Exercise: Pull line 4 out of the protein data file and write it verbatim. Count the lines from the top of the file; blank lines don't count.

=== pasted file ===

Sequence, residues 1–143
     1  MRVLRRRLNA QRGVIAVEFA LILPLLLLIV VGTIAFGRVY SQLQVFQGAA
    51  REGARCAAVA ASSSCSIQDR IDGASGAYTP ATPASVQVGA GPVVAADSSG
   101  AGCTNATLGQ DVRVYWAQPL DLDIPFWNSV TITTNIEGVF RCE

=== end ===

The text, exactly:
   101  AGCTNATLGQ DVRVYWAQPL DLDIPFWNSV TITTNIEGVF RCE